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DermaSilk Miracle Cream - tested and rejected

Is a Solution for:
Sagging Skin
August 5, 2009 Reviewed by Marta 2 Comments
My attempt to test DermaSilk Miracle Cream ($39.99) has had more stops and starts than a learner driver. I started full of hope - the ingredients looked mostly good, indeed very good - and the price is a relative snip. I stopped when I started to notice blackheads appear on my cheek for the first time in about 30 years. I went back to DermaSilk when I thought again about the nine cutting edge actives that could make this antiwrinkle find of the century. I stopped when my forehead broke out. After a few more back and forths, me and DermaSilk sputtered, lurched and ground to a full standstill.

A pity because I wanted to enjoy my test drive. Especially as along for the ride we had adenosine triphosphate (ATP). It is the main energy source for the majority of cellular – and muscular – functions. Plus the powerfully antioxidant ferulic acid and sodium chondotin sulfate, an anti-inflammatory, which prevents loss of proteoglycans. But in the end, I concluded that the anti-aging effects of DermaSilk Miracle Cream were minimal at best. I'd love to hear from anyone who has had a better experience.

Meanwhile, I've become preoccupied with the concept of non-comedogenic, a term applied to potions and lotions that do not block pores. It's evil twin is occlusive - ingredients that will result in blackheads and breakouts. Oils made from coconut, cocoa butter and wheat germ are considered to be very occlusive.  Dermaxime's website has an amazingly thorough list of ingredients rated by the comodogenity and irritation potential. Stearyl alcohol gets a moderately concerning 2 rating from Dermaxime (wheat germ, which isn't in DermaSilk gets the highest rating of 5). DermaSilk contains ethyhexyl palmitate, a coconut oil that can cause irritations at high concentrations and is the recipient for a 4 rating. Much to my surprise, algae gets a 5 rating.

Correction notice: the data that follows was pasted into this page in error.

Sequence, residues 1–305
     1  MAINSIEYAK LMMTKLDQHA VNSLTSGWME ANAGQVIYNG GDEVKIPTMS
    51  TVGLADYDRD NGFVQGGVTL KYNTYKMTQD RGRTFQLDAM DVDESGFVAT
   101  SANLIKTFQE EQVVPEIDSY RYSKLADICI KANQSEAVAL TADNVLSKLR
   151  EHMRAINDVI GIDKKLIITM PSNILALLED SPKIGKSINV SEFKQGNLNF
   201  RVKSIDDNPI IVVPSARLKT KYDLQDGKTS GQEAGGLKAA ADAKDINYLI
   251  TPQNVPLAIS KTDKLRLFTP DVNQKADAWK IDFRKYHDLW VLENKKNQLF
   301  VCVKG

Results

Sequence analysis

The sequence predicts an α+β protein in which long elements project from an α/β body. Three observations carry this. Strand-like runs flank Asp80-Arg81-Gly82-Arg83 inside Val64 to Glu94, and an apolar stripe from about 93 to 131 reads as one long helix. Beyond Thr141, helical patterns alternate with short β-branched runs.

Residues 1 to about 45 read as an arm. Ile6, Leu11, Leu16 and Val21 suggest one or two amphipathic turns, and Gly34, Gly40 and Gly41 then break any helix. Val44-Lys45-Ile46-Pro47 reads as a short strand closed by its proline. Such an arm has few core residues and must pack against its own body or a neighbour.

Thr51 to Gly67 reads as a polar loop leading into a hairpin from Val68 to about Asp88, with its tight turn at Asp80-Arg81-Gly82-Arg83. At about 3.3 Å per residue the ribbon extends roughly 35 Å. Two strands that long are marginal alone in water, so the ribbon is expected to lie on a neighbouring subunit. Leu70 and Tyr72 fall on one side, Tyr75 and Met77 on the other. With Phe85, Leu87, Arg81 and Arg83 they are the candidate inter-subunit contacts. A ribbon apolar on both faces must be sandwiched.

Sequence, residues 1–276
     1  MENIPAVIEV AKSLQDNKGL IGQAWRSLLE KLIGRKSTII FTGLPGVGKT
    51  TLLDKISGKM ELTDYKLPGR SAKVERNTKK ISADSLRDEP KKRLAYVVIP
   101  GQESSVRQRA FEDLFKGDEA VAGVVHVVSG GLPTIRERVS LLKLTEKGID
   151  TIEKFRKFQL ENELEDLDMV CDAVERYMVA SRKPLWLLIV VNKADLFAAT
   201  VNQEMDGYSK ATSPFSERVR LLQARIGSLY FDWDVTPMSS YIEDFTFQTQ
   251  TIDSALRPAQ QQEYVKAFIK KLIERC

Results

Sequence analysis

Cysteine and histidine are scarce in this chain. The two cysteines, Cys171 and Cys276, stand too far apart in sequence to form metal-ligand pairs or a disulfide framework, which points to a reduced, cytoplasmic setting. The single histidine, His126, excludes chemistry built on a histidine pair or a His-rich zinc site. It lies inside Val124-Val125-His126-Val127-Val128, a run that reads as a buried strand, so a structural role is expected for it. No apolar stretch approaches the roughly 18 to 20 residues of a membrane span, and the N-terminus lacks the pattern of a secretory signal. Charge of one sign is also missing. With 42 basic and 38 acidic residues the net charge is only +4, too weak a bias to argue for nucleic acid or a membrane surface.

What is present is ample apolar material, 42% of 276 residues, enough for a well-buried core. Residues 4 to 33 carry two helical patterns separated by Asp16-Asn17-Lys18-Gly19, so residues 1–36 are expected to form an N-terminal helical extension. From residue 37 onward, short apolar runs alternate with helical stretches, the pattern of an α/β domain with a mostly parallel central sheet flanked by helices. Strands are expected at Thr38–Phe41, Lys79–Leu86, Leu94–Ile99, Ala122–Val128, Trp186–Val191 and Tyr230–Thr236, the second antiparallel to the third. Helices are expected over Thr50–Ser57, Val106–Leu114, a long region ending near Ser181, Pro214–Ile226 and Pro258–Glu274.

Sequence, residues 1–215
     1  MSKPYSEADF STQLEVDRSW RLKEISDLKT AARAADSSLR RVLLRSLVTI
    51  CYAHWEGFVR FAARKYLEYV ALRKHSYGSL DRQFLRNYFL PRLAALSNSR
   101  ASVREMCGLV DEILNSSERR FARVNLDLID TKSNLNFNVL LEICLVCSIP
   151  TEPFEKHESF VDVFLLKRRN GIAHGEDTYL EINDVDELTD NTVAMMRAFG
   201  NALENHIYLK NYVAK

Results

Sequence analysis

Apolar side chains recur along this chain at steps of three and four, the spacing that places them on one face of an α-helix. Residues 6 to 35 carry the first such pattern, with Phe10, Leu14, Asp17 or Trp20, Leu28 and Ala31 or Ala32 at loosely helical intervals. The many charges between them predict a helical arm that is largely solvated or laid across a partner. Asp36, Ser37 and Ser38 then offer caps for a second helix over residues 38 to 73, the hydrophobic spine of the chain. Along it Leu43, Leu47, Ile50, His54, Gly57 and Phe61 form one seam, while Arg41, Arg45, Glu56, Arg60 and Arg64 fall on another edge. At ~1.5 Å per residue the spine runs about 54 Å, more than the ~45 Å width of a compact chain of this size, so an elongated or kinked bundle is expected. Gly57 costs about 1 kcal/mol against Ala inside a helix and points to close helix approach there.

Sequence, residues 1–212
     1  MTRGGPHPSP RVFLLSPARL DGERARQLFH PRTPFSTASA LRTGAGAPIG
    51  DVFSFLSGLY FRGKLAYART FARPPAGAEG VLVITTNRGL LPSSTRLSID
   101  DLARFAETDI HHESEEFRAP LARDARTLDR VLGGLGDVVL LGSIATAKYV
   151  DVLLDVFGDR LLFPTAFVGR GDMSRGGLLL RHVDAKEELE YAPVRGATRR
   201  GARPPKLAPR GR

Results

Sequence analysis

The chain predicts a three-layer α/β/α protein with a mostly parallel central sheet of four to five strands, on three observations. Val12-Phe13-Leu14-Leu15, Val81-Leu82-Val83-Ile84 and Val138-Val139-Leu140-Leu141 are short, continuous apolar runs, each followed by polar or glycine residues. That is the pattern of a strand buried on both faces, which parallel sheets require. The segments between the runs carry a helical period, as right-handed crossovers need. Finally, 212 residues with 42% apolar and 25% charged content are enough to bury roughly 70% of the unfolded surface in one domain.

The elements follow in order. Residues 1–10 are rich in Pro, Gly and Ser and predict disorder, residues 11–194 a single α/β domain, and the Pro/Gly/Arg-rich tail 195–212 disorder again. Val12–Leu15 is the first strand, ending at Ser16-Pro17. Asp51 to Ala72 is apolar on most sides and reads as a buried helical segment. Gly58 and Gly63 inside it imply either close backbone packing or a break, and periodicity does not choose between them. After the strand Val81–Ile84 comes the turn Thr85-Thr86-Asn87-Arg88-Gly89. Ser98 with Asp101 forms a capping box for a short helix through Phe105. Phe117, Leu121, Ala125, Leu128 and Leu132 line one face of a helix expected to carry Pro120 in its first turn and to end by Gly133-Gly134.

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Aqua, glycerin, butylene glycol, caprylic/capric triglyceride, ethylhexyl palmitate, cetearyl alcohol, cyclopentasiloxane, dimethicone, glycol stearate, stearyl alcohol, mannitol, Butyrospermum parkii (shea butter), steareth-2, ascorbyl phosphate, tocopherol, retinol, Panicum miliaceum (millet) seed extract, hydrolyzed vegetable protein, Chlorella vulgaris extract, Avena strigosa seed extract, Phaeodactylum tricornutum extract, Waltheria indica leaf extract, Crithmum maritimum extract, ferulic acid, teprenone, adenosine triphosphate, sodium chondroitin sulfate, lecithin, cetearyl glucoside, steareth-21, guar hydroxypropyltrimonium chloride, xanthan gum, pentylene glycol, hydrogenated vegetable oil, polysorbate 20, dextrin, sodium gluconate, citric acid, sodium citrate, alcohol, phenoxyethanol, caprylyl glycol, tannic acid
  • July 25, 2011

    by susan

    I question the safety or usefulness of any product containing hydrogenated oils, whether topically applied or ingested. I could be concerned over nothing, and am open to correction.

  • August 6, 2009

    by Joon

    Pity, any other readers having a Go at this product?

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